If you spend as much time learning about (and possibly attempting to teach about) investing and money management, as I have, you discover that a lot, perhaps most, people don’t have that much knowledge in this area. Granted, you could say that about most fields; prior to four years of undergraduate education, several years on the job, and the two years of graduate school I’m finishing up, I wasn’t an expert on biochemistry, either. But money and personal finance is different, in that we all need to know how to boost our savings and invest our money, which means understanding things like the stock market.
Why Are We So Clueless about the Stock Market? from Mariusz Skonieczny attempts to clarify just how the stock market works, and more important for our typical investor, how to invest in a way that should build up your money over time. It takes a value investment approach, looking at how to evaluate companies to determine how much they are worth and use that knowledge to find a reasonable price for the stock being offered. Does it help eliminate your cluelessness and give you information you need to invest, or leave you just as perplexed as you were before? Let’s read on and find out!
Why Are We So Clueless About the Stock Market? opens with a Preface that shares how Skonieczny invested in a way that yielded positive returns during the broader market downturn in 2008-2009, and how he intends to shares advice on stocks and how to invest in them. The first chapter of the book provides a brief explanation of the difference between a business and stocks, and shows how stocks can come into existence. It shares the story of a fellow named Tom who operates a lemonade stand, to illustrate the basics of business operation.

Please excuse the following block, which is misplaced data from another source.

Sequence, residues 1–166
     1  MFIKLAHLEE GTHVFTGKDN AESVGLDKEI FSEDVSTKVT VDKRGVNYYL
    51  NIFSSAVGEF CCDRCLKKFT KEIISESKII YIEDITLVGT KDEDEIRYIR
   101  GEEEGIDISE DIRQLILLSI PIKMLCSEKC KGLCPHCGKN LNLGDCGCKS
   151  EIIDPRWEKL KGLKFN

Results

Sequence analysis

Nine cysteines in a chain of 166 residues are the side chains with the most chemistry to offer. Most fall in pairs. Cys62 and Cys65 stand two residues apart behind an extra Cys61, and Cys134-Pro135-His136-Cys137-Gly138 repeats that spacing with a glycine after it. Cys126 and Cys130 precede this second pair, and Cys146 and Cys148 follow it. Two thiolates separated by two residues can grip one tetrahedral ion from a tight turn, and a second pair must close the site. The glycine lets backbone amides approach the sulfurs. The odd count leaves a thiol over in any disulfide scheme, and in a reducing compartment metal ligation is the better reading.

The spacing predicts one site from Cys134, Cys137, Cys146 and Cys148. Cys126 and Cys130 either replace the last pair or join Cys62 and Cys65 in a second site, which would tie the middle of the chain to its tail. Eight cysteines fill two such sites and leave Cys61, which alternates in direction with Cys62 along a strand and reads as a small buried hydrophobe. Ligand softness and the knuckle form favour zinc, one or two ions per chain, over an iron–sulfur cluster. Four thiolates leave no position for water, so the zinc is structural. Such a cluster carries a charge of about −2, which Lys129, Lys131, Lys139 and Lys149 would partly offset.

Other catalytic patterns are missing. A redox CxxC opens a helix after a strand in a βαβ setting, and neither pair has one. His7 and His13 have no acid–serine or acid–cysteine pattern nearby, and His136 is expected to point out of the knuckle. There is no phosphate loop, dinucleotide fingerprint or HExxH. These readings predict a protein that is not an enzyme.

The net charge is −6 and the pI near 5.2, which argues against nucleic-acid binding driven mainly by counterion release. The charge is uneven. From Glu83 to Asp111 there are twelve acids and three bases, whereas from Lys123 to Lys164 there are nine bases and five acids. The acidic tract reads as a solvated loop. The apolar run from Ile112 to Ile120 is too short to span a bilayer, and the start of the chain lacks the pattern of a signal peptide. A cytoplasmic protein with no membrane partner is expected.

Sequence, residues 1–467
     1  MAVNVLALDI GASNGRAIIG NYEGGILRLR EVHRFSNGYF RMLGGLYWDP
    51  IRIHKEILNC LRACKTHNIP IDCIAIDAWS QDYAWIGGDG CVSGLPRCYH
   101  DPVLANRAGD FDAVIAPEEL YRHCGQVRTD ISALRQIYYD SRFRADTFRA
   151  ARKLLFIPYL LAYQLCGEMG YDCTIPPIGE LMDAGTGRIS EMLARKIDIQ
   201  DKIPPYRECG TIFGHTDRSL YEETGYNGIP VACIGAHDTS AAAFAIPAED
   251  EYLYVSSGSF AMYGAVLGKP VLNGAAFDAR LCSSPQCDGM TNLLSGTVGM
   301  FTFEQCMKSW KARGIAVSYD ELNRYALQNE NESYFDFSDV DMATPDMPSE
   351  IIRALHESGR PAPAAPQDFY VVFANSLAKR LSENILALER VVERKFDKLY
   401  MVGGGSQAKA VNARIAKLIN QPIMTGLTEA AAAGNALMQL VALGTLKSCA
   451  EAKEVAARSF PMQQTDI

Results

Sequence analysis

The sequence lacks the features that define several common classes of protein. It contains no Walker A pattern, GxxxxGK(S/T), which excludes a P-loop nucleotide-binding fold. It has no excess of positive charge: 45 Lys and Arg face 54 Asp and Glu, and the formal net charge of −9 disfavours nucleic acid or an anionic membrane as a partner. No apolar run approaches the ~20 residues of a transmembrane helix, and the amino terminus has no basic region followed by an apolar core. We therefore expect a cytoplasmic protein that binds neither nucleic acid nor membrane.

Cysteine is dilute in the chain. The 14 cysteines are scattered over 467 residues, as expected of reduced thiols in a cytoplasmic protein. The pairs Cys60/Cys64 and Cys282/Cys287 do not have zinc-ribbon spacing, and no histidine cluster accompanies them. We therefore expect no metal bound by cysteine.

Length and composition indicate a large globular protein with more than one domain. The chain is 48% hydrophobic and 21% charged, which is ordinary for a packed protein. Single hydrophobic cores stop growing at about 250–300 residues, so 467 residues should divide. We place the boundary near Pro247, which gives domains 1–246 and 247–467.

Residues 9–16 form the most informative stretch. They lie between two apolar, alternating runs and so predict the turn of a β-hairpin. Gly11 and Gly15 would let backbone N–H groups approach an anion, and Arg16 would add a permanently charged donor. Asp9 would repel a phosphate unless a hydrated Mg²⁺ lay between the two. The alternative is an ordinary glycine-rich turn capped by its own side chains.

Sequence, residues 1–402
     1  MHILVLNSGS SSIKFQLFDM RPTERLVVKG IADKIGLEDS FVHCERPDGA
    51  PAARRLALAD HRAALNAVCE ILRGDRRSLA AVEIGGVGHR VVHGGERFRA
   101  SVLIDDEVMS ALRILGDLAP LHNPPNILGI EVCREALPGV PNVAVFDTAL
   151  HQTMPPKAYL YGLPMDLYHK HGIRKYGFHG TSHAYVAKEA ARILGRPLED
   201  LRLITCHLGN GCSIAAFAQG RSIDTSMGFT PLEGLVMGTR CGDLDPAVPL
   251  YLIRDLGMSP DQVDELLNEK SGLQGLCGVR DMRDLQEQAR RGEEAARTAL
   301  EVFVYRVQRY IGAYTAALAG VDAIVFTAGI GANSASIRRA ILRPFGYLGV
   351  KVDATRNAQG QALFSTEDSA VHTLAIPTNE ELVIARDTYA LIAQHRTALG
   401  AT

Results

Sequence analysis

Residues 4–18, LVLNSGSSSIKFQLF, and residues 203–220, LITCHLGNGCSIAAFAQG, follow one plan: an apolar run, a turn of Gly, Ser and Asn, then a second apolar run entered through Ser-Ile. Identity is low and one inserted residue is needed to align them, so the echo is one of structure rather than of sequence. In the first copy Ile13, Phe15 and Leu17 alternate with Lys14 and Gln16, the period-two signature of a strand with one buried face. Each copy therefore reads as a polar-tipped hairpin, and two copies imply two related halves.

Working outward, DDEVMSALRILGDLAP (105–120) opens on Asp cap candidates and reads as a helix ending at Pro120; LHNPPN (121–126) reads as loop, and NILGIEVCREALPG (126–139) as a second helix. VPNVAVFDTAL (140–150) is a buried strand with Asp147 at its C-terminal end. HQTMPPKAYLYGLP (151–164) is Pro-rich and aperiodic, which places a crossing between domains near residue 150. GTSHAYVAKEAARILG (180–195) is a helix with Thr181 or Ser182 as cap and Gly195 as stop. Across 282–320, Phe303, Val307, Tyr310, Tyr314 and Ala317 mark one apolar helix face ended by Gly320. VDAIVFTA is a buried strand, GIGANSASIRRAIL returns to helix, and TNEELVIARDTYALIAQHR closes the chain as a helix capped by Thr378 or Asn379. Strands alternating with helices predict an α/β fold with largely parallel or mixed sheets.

Chapter two looks at how businesses are able to make investors wealthy. It shows how Tom could take his lemonade business public, and the various ways, from dividends to stock buy-backs, that could benefit those investors who bought shares of stock in Tom’s company. The third chapter looks closer at just what makes a good business, with particular emphasis on how businesses can build ‘moats’, ways of keeping their competitors at bay and making their own businesses more valuable. There’s also discussion about why buying a business (or part of a business, at least) on the public market through stocks is usually a better, or at least, easier, method of getting ownership of a company than buying a whole business on the private market.
The fourth chapter looks at when to buy your stocks, and particularly how to avoid buying at the same time as most other people. Things like P/E ratios and building a margin of safety with your investments are discussed in more detail. Chapter five gets into much more detail on valuation, covering how to discount the future value of a stock price or dividend payout to find its current worth. There’s also discussion of how to use an appropriately created spreadsheet to do your valuation calculations for you.